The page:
Mantras (in Tibet called Ngak) are sounds, utterances, words or phrases of which it’s believed that they have religious, magical, or spiritual powers.
Typically, Mantras are chanted and recited, being spoken out loud or repeated mentally. Although Mantras are often in the Indian Sanskrit or in the Tibetan language, they usually don’t have a semantic meaning at all. The power and effectiveness of a Mantra lies rather in the specific sound or sounds that are uttered.
Nevertheless, apart from religious and spiritual applications, Mantras are also used in traditional medicine healing practices, such as in Tibetan Mantra Healing (Ngak Cho). It’s thought that certain sounds through their specific frequencies and vibrations can alleviate or cure illnesses and imbalances of body, energy, and mind.
In Tibet, there are many different types of Mantras used for a variety of physical, psychological, and mental health conditions. Mind that Mantras are often repeated for a very specific number of times, depending on the goal of usage. Mantra Healing can be practiced by and for oneself, or by a practitioner (in Tibet, called the Ngakpa [male] or Ngakma [female]) who uses them for the benefits of others.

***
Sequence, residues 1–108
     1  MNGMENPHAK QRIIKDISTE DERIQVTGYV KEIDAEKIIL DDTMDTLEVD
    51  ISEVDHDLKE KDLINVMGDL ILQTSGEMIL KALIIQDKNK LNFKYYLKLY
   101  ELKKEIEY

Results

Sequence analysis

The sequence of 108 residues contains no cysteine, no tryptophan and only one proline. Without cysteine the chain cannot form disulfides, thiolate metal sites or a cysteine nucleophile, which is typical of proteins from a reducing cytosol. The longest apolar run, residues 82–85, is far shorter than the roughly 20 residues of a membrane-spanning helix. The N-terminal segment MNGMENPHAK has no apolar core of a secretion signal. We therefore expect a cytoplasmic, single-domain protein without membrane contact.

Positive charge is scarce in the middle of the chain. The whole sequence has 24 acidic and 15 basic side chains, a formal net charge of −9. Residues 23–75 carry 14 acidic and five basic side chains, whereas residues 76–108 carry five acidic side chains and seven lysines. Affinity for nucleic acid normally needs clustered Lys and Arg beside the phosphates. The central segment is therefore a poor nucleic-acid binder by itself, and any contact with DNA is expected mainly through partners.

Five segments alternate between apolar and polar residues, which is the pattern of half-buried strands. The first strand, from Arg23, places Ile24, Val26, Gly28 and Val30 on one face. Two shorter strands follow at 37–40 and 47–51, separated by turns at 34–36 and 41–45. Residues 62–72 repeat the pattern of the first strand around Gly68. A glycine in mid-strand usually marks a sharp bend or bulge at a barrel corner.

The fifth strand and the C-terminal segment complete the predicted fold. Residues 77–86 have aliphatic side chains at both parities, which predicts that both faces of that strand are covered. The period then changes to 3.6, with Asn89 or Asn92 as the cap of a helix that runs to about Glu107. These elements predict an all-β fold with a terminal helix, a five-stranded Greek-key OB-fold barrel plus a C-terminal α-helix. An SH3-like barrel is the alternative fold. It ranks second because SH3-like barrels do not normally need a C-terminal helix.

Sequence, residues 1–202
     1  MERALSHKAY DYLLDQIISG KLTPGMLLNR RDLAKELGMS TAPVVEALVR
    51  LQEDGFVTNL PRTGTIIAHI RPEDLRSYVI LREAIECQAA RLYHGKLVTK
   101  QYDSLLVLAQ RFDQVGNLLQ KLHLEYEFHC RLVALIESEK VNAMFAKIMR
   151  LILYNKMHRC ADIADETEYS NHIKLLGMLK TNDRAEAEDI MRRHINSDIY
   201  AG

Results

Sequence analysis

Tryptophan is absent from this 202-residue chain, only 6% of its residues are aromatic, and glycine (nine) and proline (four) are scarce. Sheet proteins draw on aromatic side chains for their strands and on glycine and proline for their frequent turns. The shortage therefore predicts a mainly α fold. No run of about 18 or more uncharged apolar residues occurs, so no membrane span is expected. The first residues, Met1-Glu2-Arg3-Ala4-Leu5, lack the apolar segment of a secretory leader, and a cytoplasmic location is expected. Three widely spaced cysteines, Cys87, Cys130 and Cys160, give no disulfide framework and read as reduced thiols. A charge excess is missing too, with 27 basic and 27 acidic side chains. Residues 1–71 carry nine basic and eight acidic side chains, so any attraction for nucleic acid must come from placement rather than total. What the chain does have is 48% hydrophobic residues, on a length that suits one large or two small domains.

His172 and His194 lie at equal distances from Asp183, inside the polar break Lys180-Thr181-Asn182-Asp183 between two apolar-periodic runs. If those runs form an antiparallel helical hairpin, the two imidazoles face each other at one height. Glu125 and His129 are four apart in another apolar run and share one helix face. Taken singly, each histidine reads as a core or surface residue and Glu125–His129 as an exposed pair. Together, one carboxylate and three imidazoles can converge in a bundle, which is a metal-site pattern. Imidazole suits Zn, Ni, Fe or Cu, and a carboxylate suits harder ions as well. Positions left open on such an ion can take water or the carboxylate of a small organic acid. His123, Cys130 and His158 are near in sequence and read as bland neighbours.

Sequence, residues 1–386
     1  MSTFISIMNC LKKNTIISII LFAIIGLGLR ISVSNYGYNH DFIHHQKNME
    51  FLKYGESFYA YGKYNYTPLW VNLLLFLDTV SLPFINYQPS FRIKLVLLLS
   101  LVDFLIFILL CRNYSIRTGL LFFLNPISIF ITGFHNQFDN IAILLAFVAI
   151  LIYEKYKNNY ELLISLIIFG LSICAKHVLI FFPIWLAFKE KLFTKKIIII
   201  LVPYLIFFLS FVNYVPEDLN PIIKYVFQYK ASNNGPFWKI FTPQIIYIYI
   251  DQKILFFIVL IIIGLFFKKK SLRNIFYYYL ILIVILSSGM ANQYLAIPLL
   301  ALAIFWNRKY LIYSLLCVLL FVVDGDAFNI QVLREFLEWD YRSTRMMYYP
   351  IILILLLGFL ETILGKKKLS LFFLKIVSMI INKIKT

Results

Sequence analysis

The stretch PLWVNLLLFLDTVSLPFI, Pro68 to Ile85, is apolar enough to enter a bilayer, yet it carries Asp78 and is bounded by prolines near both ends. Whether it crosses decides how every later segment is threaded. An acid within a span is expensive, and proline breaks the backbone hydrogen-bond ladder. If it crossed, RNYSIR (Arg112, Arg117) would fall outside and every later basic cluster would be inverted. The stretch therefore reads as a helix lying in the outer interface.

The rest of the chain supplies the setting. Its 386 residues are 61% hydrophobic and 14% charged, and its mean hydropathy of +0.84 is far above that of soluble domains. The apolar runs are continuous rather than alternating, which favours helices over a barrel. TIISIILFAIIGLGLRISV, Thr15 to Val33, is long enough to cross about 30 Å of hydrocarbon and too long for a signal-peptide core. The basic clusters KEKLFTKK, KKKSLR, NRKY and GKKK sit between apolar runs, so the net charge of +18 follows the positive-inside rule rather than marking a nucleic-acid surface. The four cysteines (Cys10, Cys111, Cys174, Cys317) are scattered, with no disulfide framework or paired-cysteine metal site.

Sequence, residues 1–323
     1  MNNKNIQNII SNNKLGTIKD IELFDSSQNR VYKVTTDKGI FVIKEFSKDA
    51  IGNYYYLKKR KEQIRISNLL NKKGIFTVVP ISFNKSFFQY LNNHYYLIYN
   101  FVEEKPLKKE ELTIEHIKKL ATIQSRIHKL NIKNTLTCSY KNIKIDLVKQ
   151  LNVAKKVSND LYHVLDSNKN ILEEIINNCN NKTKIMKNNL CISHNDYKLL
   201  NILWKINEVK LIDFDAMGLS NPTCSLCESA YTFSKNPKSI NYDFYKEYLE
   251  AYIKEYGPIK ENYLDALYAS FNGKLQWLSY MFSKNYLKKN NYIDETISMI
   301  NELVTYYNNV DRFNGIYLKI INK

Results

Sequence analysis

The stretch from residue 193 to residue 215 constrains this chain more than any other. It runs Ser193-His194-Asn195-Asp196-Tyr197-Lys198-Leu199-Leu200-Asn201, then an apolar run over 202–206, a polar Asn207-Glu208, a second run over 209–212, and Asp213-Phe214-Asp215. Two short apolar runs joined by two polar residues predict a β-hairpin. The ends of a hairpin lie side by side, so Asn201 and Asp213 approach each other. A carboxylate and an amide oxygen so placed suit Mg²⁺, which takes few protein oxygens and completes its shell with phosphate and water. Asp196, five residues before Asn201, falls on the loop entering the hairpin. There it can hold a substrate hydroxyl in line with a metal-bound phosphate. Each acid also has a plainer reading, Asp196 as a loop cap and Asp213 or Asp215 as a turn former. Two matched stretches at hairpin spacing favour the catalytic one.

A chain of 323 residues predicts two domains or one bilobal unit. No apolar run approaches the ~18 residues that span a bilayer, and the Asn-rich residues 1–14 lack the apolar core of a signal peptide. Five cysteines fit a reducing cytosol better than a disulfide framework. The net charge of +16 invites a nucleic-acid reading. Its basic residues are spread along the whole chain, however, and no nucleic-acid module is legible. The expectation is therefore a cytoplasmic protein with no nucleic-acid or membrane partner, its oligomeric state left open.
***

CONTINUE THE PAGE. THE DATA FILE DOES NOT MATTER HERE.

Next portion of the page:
A Mantra Healing treatment can be used as is, stand-alone, or in conjunction with other treatments, such as herbal medicine, cupping, acupuncture, or Tibetan Ku Nye Massage, among other combinations.
Another important application of Tibetan Mantra Healing is the use of Mantras to empower, enhance, or detoxify herbs, foods and drinks. That is, during the preparation of food or herbal mixtures, Mantras are chanted i.e. recited to increase healing properties.
But, the use of Mantras in Tibet has more applications, like being written and stored in amulets to be protected from bad luck, accidents, injury, or negative spiritual energies. Or, Mantras being written on paper and then burned for healing or purification purposes. Or, reciting Mantras to purify or initiate a house or working environment.